(Continued from previous post)
In the movie, Easy Rider, two motorcycle buddies drive from California to New Orleans. Their path that goes right across the great state of Texas where I was born and raised. As crazy as Dennis Hopper was in his insistence of using real rednecks in the filming he refused to ride and film through Texas declaring it suicide and “just too damn crazy.” Instead they drove around and then filmed the critical diner scene in Louisiana. Here they found locals and simply prompted them to say whatever they were thinking. The locals did an excellent job and had no trouble coming up with slurs and insults to hurl at Hopper and Fonda while the tape rolled.
Five years before my birth, was it really that dangerous for someone with long hair to ride a motorcycle cross the state? A guy as insane and as baked as Dennis Hopper finds the thought of riding a motorcycle through Texas inconceivable? Wow. In the late eighties, growing up in small town Texas, I wanted nothing more than to have long hair (although I never wanted a motorcycle). I couldn’t believe how narrowly removed I had grown up from such radical hatred, fear and bigotry. Jasper, Texas wasn’t that far away.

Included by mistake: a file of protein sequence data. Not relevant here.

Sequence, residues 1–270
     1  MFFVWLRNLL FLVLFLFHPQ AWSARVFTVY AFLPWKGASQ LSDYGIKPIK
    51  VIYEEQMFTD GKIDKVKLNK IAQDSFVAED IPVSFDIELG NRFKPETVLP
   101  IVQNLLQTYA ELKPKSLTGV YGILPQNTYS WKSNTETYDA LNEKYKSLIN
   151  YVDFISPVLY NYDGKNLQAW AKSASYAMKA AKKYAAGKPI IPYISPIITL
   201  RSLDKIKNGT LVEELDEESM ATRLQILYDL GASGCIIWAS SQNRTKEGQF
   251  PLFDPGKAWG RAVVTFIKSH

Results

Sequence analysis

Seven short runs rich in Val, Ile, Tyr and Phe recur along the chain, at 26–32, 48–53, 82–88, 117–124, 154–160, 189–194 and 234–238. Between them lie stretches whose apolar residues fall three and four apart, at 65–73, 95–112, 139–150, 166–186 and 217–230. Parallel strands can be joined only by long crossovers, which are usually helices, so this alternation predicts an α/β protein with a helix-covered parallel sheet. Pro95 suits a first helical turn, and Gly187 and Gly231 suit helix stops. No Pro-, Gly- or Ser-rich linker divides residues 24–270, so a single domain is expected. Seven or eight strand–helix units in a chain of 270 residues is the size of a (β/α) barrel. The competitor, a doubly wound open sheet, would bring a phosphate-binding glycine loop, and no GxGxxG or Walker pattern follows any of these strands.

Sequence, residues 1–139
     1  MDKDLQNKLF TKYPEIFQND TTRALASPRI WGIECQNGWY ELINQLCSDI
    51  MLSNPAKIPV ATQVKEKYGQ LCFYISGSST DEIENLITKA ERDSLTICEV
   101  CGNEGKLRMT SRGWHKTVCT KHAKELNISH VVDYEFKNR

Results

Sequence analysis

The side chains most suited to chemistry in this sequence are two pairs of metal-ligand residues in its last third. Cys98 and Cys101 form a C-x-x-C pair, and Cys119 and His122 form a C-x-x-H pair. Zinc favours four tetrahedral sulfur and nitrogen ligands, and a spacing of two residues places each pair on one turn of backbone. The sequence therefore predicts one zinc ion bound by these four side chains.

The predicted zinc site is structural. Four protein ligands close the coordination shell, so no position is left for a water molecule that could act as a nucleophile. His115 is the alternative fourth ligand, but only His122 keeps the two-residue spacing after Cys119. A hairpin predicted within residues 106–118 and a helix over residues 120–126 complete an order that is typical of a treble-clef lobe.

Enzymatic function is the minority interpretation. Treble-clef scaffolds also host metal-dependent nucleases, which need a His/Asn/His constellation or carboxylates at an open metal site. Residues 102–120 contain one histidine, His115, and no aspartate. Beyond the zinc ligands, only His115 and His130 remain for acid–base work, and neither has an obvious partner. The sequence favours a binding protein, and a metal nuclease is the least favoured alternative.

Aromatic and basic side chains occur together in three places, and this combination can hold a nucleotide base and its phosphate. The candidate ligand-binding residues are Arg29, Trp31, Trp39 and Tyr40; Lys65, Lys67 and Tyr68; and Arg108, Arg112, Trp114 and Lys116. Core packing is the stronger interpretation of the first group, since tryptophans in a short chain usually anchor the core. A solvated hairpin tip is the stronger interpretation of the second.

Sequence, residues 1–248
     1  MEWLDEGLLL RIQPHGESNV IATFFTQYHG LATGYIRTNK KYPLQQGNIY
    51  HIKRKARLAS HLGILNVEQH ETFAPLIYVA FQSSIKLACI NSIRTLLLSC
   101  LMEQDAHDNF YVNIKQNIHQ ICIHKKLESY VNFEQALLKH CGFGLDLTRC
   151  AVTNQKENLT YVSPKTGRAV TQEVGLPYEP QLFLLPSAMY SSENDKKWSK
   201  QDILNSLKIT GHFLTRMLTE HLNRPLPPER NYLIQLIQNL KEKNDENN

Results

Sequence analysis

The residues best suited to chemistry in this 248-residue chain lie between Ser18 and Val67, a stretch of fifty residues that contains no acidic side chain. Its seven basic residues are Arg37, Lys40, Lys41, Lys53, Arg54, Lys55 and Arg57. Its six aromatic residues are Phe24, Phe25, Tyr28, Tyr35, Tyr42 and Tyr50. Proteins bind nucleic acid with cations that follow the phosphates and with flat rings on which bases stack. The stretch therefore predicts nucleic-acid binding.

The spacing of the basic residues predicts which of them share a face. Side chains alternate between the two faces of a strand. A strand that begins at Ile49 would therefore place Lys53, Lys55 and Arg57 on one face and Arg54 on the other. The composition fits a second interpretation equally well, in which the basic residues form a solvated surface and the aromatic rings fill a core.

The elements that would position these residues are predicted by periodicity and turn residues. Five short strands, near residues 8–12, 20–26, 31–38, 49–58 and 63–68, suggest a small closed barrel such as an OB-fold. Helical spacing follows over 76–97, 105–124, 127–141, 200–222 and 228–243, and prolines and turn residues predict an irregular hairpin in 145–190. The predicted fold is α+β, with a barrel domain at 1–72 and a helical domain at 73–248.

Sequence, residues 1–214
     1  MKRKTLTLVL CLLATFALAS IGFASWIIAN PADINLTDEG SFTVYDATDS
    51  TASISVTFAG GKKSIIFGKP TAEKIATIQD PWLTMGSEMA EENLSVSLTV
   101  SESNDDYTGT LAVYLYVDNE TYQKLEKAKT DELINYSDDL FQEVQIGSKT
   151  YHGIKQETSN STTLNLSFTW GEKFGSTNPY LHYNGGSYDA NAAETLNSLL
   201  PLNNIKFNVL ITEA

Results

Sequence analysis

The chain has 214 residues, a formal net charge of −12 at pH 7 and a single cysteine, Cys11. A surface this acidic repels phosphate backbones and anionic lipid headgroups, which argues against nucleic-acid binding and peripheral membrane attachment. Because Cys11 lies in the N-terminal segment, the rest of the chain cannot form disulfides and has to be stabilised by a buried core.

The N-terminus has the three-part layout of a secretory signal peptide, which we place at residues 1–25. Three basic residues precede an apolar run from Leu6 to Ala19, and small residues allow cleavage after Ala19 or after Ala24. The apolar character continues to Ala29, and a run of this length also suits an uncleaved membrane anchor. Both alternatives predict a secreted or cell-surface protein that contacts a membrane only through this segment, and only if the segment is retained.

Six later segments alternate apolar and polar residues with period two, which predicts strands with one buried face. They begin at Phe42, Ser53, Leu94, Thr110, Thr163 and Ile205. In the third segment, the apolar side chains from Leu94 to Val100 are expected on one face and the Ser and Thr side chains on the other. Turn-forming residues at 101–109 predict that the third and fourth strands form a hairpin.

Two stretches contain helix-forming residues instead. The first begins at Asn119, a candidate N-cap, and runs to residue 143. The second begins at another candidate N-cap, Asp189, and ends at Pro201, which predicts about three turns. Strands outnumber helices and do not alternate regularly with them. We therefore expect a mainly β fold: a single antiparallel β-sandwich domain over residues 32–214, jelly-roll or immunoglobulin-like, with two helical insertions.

I knew that Texans where mocked and reviled on the ski slopes of Colorado and that most people in general dubbed us as loud-mouthed rednecks. But that was all O.K. with me.
I can’t ski at all and I am at times a loud-mouthed redneck. (To my credit I drive a hybrid and listen to public radio too.) But now I had genuine concerns about being so intimately connected with Texas. My heritage suddenly felt much darker to me.
The night after watching the film I couldn’t sleep. I realized that it would be imperative for me to explore the roots of my redneck background more deeply. What did it mean, to me and to others, that I was a white, conservative, Christian, country-boy, redneck, granola from Texas? What sort of influences did growing up in a small town in Texas during the seventies and eighties have on me? How could I turn it all for the better? Eventually I fell asleep, but not before a seed had been planted.
Out of this seed grew the character of Joseph King, the protagonist in Gris-Gris Daughter. King moves from West Texas to East Texas in the summer of 1963 and takes over the pastorate of a Baptist church in a segregated town. Why? So I could inflict all my own doubts and uncertainties on him as an author, and see if he survives. I’m hoping he does.